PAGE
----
“It’s all about the opportunities they are given and the support they are shown,” said Early.
Landmark Recovery National Business Development Manager Zachary Crouch talked about why individuals don’t seek help from employers: “The real reason is stigma.” Crouch said the cost of not treating substance use and mental health is too expensive not to address, since each replacement of an employee costs them six to nine months’ salary. He encouraged businesses to seek ways to engage employees when they are struggling with substance abuse and mental health and to encourage vulnerability, diversity, and inclusion in the workplace.
Representatives of Goodwill Industries of Kentucky, which has developed second-chance policies through removing barriers to employment for individuals in recovery and/or leaving incarceration, talked about new efforts to help individuals overcome re-entry and recovery challenges. One project is a program in which participants can learn soft skills, financial literacy, digital literacy, communications skills, resume writing, mock interviews to address criminal history and gaps in resumes, health and nutrition, and much more.
HEALing Communities Study, other efforts
Dr. Sharon Walsh of the University of Kentucky reported on the HEALing (Helping End Addiction Long Term) Communities Study, a four-year, $87 million effort, funded by the largest federal grant UK ever received, to reduce opioid overdose deaths in 16 Kentucky counties.
Walsh said many “silos” separate medical care, behavioral health and recovery housing, which can make it difficult for people to find what they need. To address this, the study is evaluating the impact of various interventions, including education and distribution of naloxone; effective delivery of medication for substance use disorder; and safer opioid prescribing and distribution.
Walsh pointed to the rise of illicit fentanyl from China in U.S. markets as a reason that naloxone training and distribution, and a focus on medically-assisted treatment for substance-use disorder, remain critical to helping Kentuckians reach recovery.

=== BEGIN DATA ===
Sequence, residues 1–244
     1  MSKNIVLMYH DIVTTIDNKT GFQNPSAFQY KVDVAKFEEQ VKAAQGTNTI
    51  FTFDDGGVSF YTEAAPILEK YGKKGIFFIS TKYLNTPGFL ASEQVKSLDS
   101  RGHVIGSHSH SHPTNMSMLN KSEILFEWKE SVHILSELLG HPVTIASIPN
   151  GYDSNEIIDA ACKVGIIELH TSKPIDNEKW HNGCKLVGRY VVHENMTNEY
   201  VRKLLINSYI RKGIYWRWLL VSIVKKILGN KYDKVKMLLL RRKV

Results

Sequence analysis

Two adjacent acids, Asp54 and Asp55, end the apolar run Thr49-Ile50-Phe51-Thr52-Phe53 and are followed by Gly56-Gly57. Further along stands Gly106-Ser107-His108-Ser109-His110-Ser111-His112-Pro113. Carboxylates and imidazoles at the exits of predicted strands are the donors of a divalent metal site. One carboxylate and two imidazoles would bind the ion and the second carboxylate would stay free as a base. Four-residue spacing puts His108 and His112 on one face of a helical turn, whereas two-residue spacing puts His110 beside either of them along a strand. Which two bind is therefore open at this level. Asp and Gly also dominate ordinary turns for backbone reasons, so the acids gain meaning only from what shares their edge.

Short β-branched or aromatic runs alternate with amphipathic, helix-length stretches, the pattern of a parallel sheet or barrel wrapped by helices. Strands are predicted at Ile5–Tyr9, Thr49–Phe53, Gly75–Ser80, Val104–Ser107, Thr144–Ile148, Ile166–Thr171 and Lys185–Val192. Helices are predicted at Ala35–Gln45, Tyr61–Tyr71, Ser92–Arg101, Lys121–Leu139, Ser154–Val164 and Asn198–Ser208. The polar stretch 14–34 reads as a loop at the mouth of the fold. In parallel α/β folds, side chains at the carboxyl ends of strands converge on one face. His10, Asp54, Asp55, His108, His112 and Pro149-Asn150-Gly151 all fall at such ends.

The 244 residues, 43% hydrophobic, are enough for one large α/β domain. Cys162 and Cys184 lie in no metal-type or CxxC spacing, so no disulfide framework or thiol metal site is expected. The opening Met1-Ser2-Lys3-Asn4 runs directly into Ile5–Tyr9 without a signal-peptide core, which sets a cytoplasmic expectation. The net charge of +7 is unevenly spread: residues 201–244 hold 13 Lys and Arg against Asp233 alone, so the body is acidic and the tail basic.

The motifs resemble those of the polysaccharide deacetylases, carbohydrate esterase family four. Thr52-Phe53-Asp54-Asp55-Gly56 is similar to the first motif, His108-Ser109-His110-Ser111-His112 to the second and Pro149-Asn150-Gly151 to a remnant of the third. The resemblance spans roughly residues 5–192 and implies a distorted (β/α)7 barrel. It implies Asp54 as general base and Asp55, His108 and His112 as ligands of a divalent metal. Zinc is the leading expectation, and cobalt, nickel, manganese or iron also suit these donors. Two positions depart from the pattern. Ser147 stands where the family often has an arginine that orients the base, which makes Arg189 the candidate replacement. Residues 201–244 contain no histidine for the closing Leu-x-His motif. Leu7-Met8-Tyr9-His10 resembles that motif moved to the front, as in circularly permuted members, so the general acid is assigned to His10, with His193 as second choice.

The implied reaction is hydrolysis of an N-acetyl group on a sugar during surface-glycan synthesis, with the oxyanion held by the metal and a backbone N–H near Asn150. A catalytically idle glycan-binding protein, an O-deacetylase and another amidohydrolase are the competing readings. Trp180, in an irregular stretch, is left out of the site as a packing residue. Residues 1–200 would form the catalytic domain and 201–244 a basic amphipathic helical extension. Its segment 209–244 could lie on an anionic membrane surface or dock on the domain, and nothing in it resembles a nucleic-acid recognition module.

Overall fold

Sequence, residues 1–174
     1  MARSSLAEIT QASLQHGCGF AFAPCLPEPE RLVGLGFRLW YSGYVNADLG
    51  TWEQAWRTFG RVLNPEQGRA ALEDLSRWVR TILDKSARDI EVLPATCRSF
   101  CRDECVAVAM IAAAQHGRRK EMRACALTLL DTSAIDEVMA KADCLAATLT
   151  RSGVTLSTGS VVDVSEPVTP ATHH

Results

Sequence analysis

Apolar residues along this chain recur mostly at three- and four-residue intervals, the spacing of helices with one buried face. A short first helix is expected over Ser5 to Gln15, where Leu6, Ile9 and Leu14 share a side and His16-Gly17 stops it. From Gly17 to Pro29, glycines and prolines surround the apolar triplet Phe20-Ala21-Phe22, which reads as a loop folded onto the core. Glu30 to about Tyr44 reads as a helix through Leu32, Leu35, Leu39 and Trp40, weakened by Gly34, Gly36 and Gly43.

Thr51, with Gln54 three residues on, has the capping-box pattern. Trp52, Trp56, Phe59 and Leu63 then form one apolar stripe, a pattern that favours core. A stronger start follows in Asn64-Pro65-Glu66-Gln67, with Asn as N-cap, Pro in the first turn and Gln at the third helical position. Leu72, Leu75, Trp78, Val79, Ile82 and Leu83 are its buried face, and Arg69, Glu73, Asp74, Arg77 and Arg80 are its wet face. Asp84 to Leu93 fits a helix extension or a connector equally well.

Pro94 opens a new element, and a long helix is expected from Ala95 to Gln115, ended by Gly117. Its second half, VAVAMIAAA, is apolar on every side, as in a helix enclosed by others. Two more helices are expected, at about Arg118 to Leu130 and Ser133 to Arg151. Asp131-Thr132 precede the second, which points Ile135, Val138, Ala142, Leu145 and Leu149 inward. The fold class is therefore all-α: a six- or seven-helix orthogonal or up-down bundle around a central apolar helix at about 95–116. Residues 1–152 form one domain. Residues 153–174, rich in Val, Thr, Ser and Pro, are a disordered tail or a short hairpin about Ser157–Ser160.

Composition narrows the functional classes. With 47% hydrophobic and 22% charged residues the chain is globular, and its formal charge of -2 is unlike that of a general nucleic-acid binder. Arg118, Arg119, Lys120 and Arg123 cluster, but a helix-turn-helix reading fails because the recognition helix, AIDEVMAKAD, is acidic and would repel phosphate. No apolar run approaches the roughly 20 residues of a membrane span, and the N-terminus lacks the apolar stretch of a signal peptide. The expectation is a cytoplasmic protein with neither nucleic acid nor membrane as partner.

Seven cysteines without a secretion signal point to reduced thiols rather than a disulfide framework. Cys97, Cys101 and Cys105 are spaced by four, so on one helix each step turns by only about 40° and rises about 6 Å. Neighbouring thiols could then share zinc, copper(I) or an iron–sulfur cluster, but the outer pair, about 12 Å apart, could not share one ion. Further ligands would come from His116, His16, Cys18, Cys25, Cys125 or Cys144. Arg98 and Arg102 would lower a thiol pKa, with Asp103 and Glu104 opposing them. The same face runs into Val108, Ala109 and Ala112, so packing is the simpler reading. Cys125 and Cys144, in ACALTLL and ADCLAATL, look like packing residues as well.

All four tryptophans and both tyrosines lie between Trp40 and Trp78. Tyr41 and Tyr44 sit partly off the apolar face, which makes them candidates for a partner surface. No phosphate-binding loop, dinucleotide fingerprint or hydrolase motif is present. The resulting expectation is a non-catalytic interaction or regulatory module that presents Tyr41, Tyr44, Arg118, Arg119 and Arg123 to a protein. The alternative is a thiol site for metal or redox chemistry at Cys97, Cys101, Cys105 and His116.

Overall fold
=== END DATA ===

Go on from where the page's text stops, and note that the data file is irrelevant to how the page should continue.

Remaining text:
RECON Kentucky, a consortium for recovery in Kentucky, announced its first inductees into the Kentucky Recovery Hall of Fame. U.S. Rep. Hal Rogers of Somerset and Jay Davidson, founder of The Healing Place, were honored for their work to solve the state’s struggles with substance-use disorder.
Van Ingram, executive director of the Kentucky Office of Drug Control Policy, stressed that Kentucky’s struggle with substance-use disorder must be addressed at the community, person-to-person level. He highlighted areas of success the state has seen in recent years including his office’s partnership with the Chamber’s Workforce Recovery initiative, which is training more than 5,000 Kentucky business leaders on the importance of being a recovery-friendly workplace.
While Kentucky is doing many things right, Ingram said, there is bad news as well. His office will soon release a report showing a 40 percent increase in overdose deaths, much of which can be attributed to a rise in the use of fentanyl. To get Kentucky back on track, Ingram said Kentucky must re-evaluate all efforts to ensure the state is saving as many lives as possible.
Senate Republican Leader Mitch McConnell said efforts the federal level to combat substance-use disorder have broad, bipartisan support in Congress. He emphasized the importance of people getting back to work, especially those struggling with substance use disorder, and said the continuation of additional unemployment benefits is an obstacle to that.